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Core Subjects: Culture and Civilization: LINKS_PAGE

Articles:

The Shifting Middle - Father James V. Schall, S.J.

In the Aristotelian tradition, virtue stands in the middle, between two extremes, a too much and a too little.  Read more...

The Soft Underbelly - Mary Kochan

We’ve been hit. Not like on 9/11 when we were sucker-punched in the face. And I don’t even mean to imply that “someone” or “Someone” did this to us. But we have been hit in the soft underbelly of our country.  Read more...

The Steve Jobs Phenomenon - Father Bevil Bramwell, OMI

The passing of Steve Jobs has generated mountains of gushing comment, some of it well deserved.   Read more...

The Substance of Style - Robert Reilly

Style is perspective. It is knowing where things go and putting them there. It is appropriateness or propriety.  Read more...

The Trouble With Islam - Tawfik Hamid

Not many years ago the brilliant Orientalist, Bernard Lewis, published a short history of the Islamic world's decline, entitled What Went Wrong?  Read more...

The Troublesome Term, 'Secular' - Michael Novak

A wide chasm yawns between the two terms "secular" and "secularism."  Read more...

The truth about jihad - Amir Taheri

With the campaign to liberate Iraq victorious, it is, perhaps, time for Muslims to review the improper use, not to say outright abuse, of the term "Jihad."  Read more...

The Twelve Men - G.K. Chesterton

The other day, while I was meditating on morality and Mr. H. Pitt, I was, so to speak, snatched up and put into a jury box to try people. The snatching took some weeks, but to me it seemed something sudden and arbitrary. I was put into this box because I lived in Battersea, and my name began with a C.  Read more...

The tyranny of therapism - Christina Hoff Sommers & Sally Satel

Today — with a book for every ailment, a counselor for every crisis, a lawsuit for every grievance, and a TV show for every conceivable problem — we are at risk of degrading our native ability to cope with life's challenges.  Read more...

The unpersuaded - Father George Rutler

The tremendous success of the papal trip converted many, and puzzled others, but there remain those who will not be persuaded "if someone should rise from the dead."   Read more...

The Unquiet Men - Anthony Esolen

On those who are leaving the reservation.   Read more...

The Vindication of Humanae Vitae - Mary Eberstadt

That Humanae Vitae and related Catholic teachings about sexual morality are laughingstocks in all the best places is not exactly news.   Read more...

The Virtually Venerable Fulton J. Sheen - Charles F. Harvey

Archbishop Sheen notes in his autobiography, Treasure in Clay, that in Gaelic “Fulton” means “war” and “Sheen” means “peace.” It is as though his very name foretold the kind of life he was to have: an uninterrupted warring against the powers of darkness to promote the peace of Christ’s kingdom.  Read more...

The war we are fighting needs a more accurate name - Dennis Prager

We are no more fighting a "War on Terror" than we fought a "War on Kamikazes" in World War II.  Read more...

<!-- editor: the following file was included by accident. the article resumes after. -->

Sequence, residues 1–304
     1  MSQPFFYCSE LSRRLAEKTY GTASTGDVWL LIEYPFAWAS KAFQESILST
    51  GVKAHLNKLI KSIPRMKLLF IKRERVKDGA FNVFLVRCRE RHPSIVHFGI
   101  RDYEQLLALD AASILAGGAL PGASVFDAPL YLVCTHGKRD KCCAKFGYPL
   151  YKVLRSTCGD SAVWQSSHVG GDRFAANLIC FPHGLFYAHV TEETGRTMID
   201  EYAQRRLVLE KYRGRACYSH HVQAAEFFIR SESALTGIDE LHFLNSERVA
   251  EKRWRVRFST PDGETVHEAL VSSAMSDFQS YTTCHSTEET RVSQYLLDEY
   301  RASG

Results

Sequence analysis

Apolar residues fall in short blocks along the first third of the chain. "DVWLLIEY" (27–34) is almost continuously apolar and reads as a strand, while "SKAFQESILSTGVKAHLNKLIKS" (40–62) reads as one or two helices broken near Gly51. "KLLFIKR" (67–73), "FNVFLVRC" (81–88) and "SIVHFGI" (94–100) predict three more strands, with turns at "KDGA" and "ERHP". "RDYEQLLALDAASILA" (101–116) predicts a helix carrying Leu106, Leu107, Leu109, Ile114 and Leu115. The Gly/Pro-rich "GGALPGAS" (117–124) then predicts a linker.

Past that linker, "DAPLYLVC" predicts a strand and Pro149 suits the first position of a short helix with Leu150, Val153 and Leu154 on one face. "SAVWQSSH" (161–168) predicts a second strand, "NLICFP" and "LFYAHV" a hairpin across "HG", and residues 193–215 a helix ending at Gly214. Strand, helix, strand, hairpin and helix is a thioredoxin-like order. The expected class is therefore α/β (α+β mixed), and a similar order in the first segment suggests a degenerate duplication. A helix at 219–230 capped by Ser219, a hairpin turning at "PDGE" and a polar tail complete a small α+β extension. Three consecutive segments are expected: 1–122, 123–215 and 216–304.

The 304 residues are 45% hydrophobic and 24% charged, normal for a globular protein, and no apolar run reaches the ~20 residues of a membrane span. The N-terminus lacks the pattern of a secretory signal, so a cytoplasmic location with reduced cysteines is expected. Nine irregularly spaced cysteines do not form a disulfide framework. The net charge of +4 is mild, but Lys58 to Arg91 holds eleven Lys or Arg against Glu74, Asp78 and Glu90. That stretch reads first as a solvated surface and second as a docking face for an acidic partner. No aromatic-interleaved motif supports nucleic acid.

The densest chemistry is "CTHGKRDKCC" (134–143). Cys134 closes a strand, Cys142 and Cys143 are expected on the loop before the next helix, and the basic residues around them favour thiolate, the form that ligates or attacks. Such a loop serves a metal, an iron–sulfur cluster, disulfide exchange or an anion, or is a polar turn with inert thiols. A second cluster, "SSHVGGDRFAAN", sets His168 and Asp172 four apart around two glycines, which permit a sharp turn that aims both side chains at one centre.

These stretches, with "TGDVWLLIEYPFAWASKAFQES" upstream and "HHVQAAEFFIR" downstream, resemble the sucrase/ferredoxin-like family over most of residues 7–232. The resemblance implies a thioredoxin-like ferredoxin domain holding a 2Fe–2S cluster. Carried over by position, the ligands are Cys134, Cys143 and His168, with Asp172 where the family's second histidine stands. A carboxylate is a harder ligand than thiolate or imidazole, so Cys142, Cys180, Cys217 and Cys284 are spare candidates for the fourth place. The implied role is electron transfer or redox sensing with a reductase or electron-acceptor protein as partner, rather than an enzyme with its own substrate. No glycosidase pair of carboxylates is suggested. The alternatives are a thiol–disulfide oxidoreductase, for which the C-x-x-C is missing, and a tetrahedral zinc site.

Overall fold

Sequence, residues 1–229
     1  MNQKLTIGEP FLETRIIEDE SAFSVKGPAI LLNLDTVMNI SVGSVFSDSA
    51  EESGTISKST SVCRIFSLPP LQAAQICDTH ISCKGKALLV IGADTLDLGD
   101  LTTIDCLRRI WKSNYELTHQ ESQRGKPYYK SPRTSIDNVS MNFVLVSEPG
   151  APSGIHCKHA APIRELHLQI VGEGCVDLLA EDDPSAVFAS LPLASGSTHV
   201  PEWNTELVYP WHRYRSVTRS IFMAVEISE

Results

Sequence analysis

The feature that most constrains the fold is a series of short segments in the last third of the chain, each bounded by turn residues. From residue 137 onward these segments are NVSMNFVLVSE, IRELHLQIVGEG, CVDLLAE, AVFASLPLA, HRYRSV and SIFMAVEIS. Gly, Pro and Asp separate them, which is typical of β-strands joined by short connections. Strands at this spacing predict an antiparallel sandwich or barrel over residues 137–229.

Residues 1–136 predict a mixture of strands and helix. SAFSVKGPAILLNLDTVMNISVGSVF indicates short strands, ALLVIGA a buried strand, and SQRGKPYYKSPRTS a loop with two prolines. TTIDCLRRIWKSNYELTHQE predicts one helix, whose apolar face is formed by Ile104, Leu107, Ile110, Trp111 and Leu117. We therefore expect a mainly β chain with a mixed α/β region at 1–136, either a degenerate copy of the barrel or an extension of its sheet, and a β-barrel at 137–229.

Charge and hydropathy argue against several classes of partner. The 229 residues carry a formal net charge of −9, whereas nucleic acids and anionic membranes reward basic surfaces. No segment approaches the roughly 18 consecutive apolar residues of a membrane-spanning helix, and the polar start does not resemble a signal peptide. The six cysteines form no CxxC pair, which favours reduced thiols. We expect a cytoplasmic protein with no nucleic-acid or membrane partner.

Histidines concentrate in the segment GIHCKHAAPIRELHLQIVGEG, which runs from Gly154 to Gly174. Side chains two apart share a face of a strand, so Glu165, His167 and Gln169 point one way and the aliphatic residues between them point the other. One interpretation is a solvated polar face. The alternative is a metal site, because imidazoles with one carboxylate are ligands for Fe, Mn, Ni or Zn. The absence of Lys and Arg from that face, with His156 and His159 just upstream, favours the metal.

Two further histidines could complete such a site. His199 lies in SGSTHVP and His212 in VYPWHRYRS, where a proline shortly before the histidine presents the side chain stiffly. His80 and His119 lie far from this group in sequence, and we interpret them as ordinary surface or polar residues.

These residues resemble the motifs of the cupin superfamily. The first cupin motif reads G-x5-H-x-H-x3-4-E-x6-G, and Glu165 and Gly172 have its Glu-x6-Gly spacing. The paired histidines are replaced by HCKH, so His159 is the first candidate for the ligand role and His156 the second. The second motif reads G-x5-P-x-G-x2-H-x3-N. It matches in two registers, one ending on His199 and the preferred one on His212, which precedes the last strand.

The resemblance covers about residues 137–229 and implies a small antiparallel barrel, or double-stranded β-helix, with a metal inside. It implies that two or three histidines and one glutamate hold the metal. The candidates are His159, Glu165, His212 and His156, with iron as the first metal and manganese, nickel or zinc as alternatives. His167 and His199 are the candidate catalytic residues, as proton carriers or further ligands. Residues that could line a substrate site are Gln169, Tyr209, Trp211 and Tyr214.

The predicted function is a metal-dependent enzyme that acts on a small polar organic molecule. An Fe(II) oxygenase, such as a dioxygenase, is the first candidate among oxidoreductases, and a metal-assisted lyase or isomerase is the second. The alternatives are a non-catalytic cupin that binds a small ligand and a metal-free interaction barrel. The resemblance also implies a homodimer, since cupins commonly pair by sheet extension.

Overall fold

The Wisdom of the Mind - Donald DeMarco

According to Plato, wisdom is the communion of the soul with reality. By this he meant that wisdom gives us both a broad and reliable understanding of reality.   Read more...

The Words and Deeds of Christ - Joseph Sobran

I began to marvel at the words that were truly the most inspired ever uttered: those of Christ. His words have a unique power that sets them off from all merely human words.  Read more...

There are No Secular Unbelievers - Iain T. Benson

Note how the use of the term "secular" has been changed gradually over time. Current usage is wrong both philosophically and theologically. Let us banish the notion of a "faith-free" secular once and for all. Everyone "believes".  Read more...

Thoroughly Modern Mill - Roger Scruton

A utilitarian who became a liberal — but never understood the limits of reason.  Read more...

To Judge By Appearances - Theodore Dalrymple

When I was young I wanted to be a bohemian when I grew up.   Read more...

To know and follow the Lord - Father George Rutler

In St. Paul, and in all the saints, is sensed the personality of Christ whom some adored and some scorned, but no one ever found manipulative, and not even His enemies found Him depressing.  Read more...

To Tear Down and to Build Up: Christianity and the Subversive Forces - JAMES HITCHCOCK

Christianity was born when the Roman Empire was at its peak, and it is an appropriate paradox that, as the faith spread throughout the Empire, it both helped to subvert the long Roman hegemony and at the same time to preserve what was best in it.  Read more...

Tough times are when gratitude counts most - Colleen Carroll Campbell

Elie Wiesel, a survivor of the Holocaust, once said, "No one is as capable of gratitude as one who has emerged from the kingdom of night."   Read more...

Toward the Second Spring - Stratford Caldecott

When John Henry Newman gave his famous "Second Spring" sermon, at the first Synod of the newly re-established English Catholic hierarchy in 1852, he was prophesying nothing less than a resurgence of Catholic culture.  Read more...

Tradition or Traditionalism? - IAIN T. BENSON

Too many who think they favour tradition are actually devotees of traditionalism because they do not understand their tradition. Many who are critical of tradition are really criticizing traditionalism.  Read more...

True and False Humanism - JAMES HITCHCOCK

Secular Humanism rests on an unperceived fallacy. In effect it says that man can love and esteem himself more if he does not have to share that love and esteem with God.  Read more...


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Pages Updated On: Mon Oct 06 2014 - 22:12:11